WIP (cough) post-Wednesday #212

Apologies for the lateness but – yeah. Life.

This past week has been really odd, frantic busy & I haven’t had much stitching time at all. I finally started Little House Needlework’s Bethlehem & this is all I have managed, in between swearing & work, while in my little office.

We finished the work at the MIL’s on Tuesday, just in time to run home, clean up & shoot into town to see Jimmy Carr at the Aotea Centre. Another night without eating (trying to get parking & pre-pay so we didn’t get towed ate up the time) but it was so worth it. I know he’s crass & non PC, but his humour is on multiple intellectual levels. And his reaction to hecklers is spot on. I laughed until my cheeks hurt & very nearly at crying point. And we had a late night visitor – those stripes look odd!

Last night MIL and the boys arrived home – hooray! She kept on saying she’d loved what we had done, but then spoiled it a little by commenting about our wanting to sell it. For the fifty-fifth thousandth time – it’s not us thinking about selling. Grr. She has a lot of trouble just being grateful & that is getting to me. After all, that space was original 1979…it was well past due!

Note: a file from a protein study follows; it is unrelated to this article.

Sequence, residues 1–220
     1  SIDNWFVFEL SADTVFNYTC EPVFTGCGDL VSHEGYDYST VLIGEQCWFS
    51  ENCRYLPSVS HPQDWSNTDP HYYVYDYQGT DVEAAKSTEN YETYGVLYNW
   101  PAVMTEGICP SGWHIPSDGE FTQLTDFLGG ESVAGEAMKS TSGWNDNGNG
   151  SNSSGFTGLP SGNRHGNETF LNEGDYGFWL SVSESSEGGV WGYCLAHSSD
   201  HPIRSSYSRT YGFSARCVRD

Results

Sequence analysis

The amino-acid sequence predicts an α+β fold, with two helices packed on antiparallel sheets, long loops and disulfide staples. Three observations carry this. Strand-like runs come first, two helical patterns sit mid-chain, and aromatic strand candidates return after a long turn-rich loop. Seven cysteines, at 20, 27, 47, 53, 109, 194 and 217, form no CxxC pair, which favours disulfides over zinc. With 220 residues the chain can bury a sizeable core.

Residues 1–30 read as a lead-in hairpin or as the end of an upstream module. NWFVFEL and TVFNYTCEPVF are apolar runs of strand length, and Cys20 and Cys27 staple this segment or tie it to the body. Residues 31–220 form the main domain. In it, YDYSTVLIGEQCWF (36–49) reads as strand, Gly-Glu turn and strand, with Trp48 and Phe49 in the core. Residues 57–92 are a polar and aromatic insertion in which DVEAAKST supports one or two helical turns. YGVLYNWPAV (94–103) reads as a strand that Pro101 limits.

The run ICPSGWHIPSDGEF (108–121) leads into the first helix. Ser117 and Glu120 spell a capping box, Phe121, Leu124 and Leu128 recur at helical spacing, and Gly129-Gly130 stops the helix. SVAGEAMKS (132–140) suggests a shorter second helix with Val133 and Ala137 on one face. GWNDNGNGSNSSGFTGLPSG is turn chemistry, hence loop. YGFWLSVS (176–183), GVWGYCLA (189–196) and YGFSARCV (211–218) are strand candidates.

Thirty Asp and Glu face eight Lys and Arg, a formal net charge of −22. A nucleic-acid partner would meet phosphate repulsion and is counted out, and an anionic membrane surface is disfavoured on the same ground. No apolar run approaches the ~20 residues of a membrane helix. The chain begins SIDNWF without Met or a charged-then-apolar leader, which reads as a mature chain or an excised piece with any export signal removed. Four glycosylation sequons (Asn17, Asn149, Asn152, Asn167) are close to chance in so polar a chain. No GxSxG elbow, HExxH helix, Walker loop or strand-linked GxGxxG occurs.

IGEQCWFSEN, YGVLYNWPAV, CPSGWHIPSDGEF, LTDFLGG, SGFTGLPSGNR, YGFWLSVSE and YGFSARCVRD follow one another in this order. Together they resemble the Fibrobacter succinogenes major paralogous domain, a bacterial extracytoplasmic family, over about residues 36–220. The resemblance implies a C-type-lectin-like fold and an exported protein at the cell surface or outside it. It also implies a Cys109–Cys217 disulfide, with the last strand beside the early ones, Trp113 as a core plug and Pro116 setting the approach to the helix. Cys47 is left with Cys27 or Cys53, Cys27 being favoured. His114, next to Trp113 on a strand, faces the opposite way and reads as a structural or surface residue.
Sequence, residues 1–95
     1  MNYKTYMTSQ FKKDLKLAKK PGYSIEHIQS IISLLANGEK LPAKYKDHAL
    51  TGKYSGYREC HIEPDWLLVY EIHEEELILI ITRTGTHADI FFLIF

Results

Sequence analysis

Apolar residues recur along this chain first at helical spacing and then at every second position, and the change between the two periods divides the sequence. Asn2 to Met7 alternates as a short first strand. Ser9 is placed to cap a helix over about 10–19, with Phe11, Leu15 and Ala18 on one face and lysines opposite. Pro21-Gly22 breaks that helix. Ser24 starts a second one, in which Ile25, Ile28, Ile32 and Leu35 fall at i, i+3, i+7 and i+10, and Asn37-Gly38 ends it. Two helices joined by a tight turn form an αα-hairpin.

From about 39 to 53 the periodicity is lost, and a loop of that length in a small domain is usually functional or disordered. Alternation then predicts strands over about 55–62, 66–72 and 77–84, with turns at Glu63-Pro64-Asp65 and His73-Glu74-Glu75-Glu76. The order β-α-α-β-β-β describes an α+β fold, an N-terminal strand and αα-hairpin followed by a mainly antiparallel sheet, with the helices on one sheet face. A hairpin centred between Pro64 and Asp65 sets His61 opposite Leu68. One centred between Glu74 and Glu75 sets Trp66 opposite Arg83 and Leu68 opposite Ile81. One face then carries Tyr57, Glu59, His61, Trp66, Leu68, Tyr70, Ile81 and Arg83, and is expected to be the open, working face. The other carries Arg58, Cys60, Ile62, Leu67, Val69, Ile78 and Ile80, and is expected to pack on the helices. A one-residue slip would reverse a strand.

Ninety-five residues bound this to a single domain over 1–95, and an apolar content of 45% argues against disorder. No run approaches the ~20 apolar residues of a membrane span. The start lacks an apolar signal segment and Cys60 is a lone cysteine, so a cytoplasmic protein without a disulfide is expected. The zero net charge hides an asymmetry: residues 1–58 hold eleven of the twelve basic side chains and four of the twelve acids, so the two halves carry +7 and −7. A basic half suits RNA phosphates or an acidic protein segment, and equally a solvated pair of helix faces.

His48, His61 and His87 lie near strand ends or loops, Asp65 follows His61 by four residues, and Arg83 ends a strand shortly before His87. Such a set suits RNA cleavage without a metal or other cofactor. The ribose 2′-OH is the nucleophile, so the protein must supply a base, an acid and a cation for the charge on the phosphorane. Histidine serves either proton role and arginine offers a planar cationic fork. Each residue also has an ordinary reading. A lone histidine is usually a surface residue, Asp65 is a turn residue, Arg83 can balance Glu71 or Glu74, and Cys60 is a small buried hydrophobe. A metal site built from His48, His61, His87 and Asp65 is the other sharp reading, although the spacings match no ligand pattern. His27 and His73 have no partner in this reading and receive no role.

I don’t see much stitching in the next week either – I want to go to the last days of the Corsini Collection at Auckland Art Gallery. It closes Sunday but I plan on going Saturday with Mase in tow.

Blurb: From the private collection of the eminent Corsini family in Florence, Italy, comes this fascinating exhibition featuring Renaissance and Baroque painting by artists such as Botticelli, Andrea del Sarto, Caravaggio and Pontormo.

The exhibition provides a window on the family’s continuing passion for collecting art, their support of artists, and their ongoing loyalty to the city of Florence, which has prevailed through the devastation of WWll and the inescapable forces of nature during the flood of Florence in 1966.

Portraits, landscape, mythological and religious paintings, as well as sculpture, works on paper, furniture, costumes, embroidery, games, kitchen equipment and a lavish dining room set for six, will portray the life of this family at the Palazzo Corsini and their patronage of the arts.

Advertisements